Tourists monumentally disappointed over earthquake repairs
As thousands descend on D.C., many are disappointed about construction on the Washington Monument.
For a city steeped in red, white and blue, Washington is turning a particularly bright shade of orange. Everywhere you look, there's scaffolding in the skyline, cranes in the clouds.
But no construction is as poignant, as disappointing, as that on the monument to Washington himself.
"I didn't really know what was happening," says Charnelle Peters, a tourist from Indiana. "I just thought 'is it supposed to look like that?'"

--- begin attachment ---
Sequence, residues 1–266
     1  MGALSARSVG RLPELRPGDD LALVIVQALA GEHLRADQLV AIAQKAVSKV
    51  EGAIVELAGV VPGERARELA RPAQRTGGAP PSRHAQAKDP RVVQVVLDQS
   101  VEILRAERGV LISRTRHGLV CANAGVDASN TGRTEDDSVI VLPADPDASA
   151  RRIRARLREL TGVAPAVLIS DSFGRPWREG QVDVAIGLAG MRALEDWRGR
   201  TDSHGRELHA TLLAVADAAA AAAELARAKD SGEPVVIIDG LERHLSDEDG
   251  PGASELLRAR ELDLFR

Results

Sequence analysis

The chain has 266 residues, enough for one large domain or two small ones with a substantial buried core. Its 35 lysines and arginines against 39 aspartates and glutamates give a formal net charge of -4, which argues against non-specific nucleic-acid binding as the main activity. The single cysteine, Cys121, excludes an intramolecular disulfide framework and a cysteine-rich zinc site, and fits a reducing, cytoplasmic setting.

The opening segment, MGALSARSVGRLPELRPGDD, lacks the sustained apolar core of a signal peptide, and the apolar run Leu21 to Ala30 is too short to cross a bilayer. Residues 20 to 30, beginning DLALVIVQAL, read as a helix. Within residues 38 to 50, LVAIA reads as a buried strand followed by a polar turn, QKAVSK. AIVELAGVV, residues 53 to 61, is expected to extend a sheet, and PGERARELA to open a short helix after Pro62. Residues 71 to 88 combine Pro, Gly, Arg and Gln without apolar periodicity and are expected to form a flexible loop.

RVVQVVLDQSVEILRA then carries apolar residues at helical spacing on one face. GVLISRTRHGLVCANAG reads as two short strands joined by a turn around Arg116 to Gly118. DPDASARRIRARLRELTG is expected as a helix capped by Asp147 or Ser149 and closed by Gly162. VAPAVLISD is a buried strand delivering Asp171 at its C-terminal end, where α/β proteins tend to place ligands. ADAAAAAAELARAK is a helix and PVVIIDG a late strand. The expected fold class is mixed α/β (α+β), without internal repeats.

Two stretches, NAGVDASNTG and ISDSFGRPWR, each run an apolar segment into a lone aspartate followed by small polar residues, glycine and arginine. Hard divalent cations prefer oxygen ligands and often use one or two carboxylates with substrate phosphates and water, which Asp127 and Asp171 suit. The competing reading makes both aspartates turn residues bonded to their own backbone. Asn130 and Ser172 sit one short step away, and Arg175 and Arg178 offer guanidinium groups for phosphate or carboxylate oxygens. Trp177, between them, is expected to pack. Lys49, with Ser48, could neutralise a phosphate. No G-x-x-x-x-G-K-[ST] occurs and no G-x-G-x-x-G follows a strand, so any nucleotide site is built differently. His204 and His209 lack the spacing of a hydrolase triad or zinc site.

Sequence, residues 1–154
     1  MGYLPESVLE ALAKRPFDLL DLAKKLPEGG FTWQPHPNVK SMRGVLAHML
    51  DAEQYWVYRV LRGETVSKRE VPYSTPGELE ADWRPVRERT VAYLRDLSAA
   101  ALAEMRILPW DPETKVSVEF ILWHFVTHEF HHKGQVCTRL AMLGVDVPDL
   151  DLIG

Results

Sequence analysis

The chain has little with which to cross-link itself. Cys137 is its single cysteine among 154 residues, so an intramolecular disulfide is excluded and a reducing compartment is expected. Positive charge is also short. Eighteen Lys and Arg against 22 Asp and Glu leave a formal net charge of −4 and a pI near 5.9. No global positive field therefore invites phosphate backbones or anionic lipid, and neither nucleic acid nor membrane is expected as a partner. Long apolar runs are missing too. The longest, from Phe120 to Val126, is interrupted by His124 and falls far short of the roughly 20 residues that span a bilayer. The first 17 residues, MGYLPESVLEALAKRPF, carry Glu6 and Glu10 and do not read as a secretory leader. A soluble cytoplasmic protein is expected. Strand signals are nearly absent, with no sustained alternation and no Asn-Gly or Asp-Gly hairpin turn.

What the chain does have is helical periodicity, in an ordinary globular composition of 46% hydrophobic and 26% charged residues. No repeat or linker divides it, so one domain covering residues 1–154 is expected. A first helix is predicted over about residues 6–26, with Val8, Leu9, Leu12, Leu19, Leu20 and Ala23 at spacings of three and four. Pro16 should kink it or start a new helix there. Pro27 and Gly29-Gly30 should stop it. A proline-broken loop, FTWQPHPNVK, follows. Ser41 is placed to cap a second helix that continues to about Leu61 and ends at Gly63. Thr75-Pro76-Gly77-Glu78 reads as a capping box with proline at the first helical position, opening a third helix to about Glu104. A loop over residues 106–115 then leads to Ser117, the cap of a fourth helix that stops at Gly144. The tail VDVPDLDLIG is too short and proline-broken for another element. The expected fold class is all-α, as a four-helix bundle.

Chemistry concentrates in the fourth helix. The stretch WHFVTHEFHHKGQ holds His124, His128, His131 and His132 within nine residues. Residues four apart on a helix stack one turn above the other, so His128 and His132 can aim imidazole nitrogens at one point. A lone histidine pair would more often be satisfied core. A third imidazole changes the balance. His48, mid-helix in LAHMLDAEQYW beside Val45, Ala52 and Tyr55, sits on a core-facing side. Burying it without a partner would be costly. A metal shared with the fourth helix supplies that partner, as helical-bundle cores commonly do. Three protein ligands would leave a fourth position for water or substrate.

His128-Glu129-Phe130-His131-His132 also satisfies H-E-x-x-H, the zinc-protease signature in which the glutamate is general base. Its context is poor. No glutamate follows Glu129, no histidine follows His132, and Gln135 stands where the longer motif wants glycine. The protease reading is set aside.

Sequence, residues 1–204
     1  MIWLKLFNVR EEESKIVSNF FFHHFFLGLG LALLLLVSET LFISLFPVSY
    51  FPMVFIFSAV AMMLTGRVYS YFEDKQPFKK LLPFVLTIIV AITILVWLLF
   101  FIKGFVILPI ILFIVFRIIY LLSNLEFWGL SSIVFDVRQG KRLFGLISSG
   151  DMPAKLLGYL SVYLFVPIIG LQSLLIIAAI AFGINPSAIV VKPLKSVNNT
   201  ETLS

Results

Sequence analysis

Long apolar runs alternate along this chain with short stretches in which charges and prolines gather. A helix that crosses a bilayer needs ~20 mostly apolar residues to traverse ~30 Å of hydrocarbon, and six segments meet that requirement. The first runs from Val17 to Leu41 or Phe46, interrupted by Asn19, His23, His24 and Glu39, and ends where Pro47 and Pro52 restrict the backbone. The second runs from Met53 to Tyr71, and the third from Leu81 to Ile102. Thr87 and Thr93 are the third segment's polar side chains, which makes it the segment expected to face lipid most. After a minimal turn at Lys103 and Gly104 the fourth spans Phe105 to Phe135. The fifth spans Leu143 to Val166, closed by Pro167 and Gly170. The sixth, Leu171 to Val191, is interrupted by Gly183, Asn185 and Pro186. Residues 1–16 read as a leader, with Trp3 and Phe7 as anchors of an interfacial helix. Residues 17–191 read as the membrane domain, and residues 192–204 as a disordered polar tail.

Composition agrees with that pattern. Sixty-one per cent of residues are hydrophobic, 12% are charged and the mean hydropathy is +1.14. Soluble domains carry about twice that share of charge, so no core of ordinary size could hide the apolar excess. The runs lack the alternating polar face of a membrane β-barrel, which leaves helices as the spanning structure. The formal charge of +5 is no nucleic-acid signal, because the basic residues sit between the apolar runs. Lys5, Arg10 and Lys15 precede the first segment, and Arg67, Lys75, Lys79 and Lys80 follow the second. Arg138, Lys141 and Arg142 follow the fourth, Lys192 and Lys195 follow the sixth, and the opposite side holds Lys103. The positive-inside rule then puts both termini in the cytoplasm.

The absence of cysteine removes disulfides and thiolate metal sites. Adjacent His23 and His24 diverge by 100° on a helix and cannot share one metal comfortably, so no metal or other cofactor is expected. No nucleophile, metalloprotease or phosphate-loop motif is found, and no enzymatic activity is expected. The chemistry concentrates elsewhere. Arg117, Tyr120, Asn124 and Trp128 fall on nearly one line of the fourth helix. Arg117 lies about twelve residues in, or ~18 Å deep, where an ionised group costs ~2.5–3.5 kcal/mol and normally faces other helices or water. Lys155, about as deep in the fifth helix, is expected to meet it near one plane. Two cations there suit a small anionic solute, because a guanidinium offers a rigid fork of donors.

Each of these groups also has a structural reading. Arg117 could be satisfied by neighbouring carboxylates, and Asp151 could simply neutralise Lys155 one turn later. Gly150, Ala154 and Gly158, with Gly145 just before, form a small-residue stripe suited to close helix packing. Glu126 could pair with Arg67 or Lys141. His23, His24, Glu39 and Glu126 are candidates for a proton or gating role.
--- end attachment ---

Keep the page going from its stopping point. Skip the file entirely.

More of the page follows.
Crews have been creeping up the limestone edges of the monment for a month, hoping to fix the earthquake's damage.
Libby Johnson flew into town from Indiana. She and her choir group aren't singing the District's praises.
"I was just kind of disappointed because I just had like this picture in my mind of it, like, looking nice and clean and stuff," Johnson says.
Peter Bentley remembers when it was picture perfect. He used to live here.
"I understand the necessity, but it's kind of an eye sore," Bentley says.
The National Park Service has already spent more than $1 million to restore the limestone and the agency says it won't look this bad for long.
Soon, lights will cover the construction and the whole project should be finished by 2014.
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